If A Record Falls and No One Hears It…

Two weeks ago, BRO running correspondent and blogger Mark Lundblad wrote about running from Mount Pisgah to Mount Mitchell, a 66-mile solo adventure between two of the highest summits in the East. He described getting lost, running in the dark, and running out of fuel. But he forgot to mention one small detail: he shattered the course record.

Mark broke the previous record by nearly an hour, completing the run in 14:07. Even more impressive is that he broke the record by himself, without any other runners to push him, and despite wandering off-trail and severely bonking.

The previous record was set by Adam Hill, the founder of the unofficial Pitchell trail challenge. “Mad-A” realized long ago that trail running didn’t—and shouldn’t—require an entry fee. He has since created many other running challenges and informal trail runs across the Southern Appalachians, but Pitchell was his first. It began innocently as a long run from his house in Asheville to the summit of Mitchell, the highest mountain in the East. A year later, Hill moved hthe starting line from his house to the summit of Mount Pisgah. In 2004, he and a merry band of trail runners set off from the Pisgah summit at midnight, ran all day, and arrived at Mitchell’s summit before the sun set. Since then, Hill has been running Pitchell every year, and his blazing record of 15:06 seemed untouchable…until Lundblad came along.

It’s not surprising that Mark would forget to mention his course record. He is the most humble runner I’ve met. He constantly downplays his own accomplishments. He is more interested in hearing about your race experiences than telling you about his. He coaches, volunteers, and even maintains the most difficult section of the Shut-In Ridge Trail as a way of giving back to the trail running community.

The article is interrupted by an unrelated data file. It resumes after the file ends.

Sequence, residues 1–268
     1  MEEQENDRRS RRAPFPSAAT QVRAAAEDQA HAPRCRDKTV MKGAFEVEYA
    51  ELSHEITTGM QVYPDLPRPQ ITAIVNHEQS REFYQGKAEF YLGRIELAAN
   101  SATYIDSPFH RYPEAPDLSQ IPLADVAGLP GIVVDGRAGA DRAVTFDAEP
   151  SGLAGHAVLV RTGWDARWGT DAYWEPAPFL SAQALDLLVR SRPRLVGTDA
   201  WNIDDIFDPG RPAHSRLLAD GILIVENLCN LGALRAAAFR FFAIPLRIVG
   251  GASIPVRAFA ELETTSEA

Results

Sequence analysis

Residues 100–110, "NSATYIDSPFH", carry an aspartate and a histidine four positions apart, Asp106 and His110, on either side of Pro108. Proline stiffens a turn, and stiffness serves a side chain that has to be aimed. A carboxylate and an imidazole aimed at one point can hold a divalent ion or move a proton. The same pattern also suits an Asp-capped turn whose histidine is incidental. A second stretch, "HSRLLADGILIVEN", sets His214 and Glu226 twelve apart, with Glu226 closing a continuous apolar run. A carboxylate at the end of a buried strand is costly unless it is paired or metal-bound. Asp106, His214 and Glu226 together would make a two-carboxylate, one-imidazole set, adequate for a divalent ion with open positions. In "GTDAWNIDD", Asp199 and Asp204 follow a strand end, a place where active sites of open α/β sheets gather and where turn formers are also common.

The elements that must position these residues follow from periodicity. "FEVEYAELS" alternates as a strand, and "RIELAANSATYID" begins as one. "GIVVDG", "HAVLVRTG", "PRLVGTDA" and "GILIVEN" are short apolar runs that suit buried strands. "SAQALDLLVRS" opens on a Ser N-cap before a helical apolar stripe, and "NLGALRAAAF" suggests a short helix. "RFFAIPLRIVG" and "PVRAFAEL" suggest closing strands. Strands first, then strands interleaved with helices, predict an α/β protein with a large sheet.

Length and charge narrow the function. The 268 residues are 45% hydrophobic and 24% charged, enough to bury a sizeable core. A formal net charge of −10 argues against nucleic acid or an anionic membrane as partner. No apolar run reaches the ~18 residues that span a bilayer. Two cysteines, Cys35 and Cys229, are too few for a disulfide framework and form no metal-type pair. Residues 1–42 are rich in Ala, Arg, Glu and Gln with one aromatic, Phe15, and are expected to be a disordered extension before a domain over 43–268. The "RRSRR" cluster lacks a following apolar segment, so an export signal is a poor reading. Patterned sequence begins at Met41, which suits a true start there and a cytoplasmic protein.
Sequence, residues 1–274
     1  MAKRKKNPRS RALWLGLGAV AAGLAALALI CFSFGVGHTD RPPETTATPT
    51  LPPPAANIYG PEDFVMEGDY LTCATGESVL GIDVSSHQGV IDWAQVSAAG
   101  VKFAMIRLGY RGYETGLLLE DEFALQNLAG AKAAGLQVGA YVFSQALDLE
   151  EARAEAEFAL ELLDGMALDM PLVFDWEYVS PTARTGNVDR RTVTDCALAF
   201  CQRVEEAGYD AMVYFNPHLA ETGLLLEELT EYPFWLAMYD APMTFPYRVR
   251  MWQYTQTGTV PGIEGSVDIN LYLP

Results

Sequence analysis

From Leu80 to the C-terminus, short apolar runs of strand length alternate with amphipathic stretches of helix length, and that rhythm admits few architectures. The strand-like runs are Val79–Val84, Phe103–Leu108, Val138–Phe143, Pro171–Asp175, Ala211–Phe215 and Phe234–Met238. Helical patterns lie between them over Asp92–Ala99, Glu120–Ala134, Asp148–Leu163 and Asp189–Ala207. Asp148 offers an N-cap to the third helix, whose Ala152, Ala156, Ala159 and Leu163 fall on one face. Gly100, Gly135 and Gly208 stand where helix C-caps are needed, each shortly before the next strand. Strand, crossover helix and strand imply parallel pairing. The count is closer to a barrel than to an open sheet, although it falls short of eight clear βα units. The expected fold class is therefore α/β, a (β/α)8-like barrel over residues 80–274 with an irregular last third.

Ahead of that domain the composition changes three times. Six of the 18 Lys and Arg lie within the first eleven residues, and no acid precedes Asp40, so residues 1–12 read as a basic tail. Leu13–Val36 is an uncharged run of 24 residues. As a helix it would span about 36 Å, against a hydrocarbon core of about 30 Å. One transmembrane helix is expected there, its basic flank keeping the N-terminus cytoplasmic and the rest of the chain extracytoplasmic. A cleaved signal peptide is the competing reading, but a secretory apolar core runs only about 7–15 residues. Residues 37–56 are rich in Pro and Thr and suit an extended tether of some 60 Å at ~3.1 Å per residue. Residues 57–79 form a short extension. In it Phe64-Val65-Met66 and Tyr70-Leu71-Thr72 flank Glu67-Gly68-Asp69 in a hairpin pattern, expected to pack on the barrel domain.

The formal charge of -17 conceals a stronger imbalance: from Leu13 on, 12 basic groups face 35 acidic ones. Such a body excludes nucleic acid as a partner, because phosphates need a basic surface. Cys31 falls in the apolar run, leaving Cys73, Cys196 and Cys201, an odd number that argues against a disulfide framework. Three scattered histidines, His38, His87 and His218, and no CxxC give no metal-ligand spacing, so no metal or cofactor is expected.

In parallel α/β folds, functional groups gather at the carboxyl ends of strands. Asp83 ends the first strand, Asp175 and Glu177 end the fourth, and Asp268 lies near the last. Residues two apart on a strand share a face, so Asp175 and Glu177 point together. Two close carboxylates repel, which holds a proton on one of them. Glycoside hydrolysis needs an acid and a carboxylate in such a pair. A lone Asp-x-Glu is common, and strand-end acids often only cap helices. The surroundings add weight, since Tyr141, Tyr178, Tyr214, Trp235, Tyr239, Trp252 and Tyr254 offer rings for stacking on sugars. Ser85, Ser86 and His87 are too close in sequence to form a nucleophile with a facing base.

But that’s not the only reason Mark conveniently omitted his course record. Breaking a record wasn’t the sole intent of his Pitchell adventure. As he wrote in the blog, “This 66-mile trek was about running for a different reason. It was a personal challenge on an entirely different level. It was a much less selfish running experience. I found out that I didn’t need that racing event carrot to test myself.”

Races are great ways to set goals, but even a national champion athlete like Mark Lundblad has found that you don’t necessarily need a bib number to reach deep inside yourself. The Southern Appalachians abound with mountains and trails to test your limits. Whether you set a course record or a personal record, the real race is always within.

 

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